Well, just like that, the holiday push is here. Store aisles are lined with fake trees and plastic figures, malls and main streets light up, those (seemingly) endless commercials radiate from our televisions and even the colors change from green to red at Starbucks.
This can definitely be a hectic, overwhelming and stressful time of year. Many of us may feel pressure to buy the “perfect” gifts; others dread seeing certain not-so-supportive family members. There’s often pressure from families or co-workers to attend certain holiday functions. And ahhhhh, of course – let’s not forget the ever-present emphasis on food.
If you are currently living with or have a history of an eating disorder, these next few weeks can be even more anxiety-ridden and uncomfortable. So let’s talk about some basic guidelines to help you manage the holiday season like a boss!
1. Stick to your normal eating routine. If you are on a meal plan, do your best to follow it as closely as is manageable. If you are unsure the exact exchanges, don’t worry. Having the ability to be flexible, especially during special events, is a wonderful way to challenge ED. There are usually a ton of food options at holiday gatherings — choose what makes sense for you and your recovery!
2. Don’t over-commit. There are so many parties and places to be and even more friends and family to see. Choose to attend the events that feel most comfortable for you — especially if the holidays are more difficult for you. Will supportive people be there? Can you leave if it starts to become overwhelming? Ask these questions and determine what’s in your best interest. Sure, we can often feel guilty about saying no or leaving early but keep your focus recovery-oriented. That’s more important than anything else. Saying no can often be a great way to practice self-care.
3. Volunteer somewhere. There are many opportunities to give back during the holidays and doing so can feel really good and satisfying. Check in with your local food bank and donate some canned goods. See if your local animal shelter needs any extra support. Look through your belongings for any old clothes, shoes or accessories that you can bring to a donation center. Buy a gift for a family in need through your local youth and family service organization.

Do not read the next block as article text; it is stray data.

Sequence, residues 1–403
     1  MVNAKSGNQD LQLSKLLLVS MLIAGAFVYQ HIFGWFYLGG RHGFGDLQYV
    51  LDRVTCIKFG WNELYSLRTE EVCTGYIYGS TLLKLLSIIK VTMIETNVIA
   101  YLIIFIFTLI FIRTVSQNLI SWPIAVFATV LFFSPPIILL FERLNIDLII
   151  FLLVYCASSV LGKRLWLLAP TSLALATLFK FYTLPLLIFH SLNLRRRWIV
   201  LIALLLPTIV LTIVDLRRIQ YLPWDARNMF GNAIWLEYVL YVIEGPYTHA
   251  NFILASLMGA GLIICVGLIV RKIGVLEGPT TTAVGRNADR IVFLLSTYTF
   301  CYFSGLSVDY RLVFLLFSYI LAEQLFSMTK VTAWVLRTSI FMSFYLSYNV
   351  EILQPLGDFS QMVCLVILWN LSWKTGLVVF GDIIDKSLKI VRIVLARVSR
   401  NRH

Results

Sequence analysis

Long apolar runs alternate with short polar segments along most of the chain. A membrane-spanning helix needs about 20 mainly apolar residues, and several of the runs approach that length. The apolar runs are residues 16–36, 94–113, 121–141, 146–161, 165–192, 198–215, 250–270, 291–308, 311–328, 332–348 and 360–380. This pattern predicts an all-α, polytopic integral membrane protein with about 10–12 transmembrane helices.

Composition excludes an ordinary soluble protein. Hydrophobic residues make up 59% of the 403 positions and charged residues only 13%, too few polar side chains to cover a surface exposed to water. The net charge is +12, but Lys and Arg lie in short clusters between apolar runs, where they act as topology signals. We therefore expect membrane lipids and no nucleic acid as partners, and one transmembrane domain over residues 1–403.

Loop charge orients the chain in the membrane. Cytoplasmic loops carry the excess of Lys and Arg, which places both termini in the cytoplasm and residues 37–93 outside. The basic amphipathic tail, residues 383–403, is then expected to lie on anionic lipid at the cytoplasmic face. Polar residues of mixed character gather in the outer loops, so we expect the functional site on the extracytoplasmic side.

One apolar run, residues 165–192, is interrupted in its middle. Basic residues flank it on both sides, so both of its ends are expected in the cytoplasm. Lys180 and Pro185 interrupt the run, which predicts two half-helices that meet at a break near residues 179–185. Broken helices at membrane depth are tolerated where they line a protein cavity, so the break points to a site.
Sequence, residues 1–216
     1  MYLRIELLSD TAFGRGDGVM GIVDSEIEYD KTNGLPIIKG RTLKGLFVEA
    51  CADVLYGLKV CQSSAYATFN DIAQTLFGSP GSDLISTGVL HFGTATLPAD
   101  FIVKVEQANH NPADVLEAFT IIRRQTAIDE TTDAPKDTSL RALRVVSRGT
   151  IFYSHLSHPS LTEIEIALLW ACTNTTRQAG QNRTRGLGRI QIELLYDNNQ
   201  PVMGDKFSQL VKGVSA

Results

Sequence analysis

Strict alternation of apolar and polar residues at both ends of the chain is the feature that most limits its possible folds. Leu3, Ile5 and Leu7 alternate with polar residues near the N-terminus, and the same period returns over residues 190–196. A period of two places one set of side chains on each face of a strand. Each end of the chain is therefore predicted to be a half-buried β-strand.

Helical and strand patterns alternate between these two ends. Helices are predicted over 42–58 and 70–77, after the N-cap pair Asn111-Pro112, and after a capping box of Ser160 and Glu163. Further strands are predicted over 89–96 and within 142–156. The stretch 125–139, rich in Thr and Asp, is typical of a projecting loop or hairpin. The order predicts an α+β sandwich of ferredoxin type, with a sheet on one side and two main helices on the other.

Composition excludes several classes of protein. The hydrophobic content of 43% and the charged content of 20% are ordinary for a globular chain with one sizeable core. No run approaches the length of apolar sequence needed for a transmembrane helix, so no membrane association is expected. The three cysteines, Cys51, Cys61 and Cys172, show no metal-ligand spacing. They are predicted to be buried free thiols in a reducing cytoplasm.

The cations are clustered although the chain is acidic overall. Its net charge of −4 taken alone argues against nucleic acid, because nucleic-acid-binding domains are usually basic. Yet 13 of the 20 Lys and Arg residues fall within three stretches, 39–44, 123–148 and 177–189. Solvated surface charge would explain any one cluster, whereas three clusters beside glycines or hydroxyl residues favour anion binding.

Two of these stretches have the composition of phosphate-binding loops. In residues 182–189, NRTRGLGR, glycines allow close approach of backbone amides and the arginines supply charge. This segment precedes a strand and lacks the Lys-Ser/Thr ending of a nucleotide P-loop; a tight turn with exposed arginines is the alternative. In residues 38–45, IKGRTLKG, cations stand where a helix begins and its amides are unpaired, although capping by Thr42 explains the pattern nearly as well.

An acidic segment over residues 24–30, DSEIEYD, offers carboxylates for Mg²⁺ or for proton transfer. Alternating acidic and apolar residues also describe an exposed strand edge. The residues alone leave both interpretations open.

4. Check back in with your providers. If you are in recovery and experiencing any old symptoms, call your therapist, dietitian, mentor or even your old treatment center. They may have some openings for brief check-ins to get you through this time. If you are currently in treatment, talk to your providers and create a plan that feels comfortable and manageable for you during this time of the year. Remember, your treatment team can be your biggest cheerleaders!
5. Designate a special “support” person for social events. Whether it be a parent, spouse, cousin, friend etc., use those who are already supporting you in your care to get you through that meal, event or check in when needed. You
6. Take it one day at a time. The holidays will come and go, try and stay in the moment and find gratitude when possible, strengths where you least expect them and joyfulness in the spirit of the season.
Remember, if the holidays are hard for you, have some self-compassion. You deserve the support necessary to get you through this difficult time. We’re always here to help during the holiday season (or any other time of year!)
Portia Kimbis is the Marketing and Community Relations Associate for Walden’s S. Windsor and Guilford clinics Formerly, she was a Residential Treatment Assistant at Rushford, an adolescent boy’s rehabilitation program. Prior to that, she worked as a Senior Patient Coordinator for the OB/GYN Department at the Cornell Medical College at New York Presbyterian Hospital in New York City. Ms. Kimbis is enjoying her role at Walden and feels her position is allowing her to learn more about the mental health field and eating disorders. In her free time, she volunteers at Forgotten Felines, a cat shelter where she takes care of felines who need homes. She also enjoys yoga and traveling. Ms. Kimbis received her Bachelor’s degree from the University of Connecticut in 2013 with a double major in Psychology and Human Development and Family Studies. She is currently completing a Master of Social Work (MSW) program at the University of Saint Joseph in West Hartford, Conn.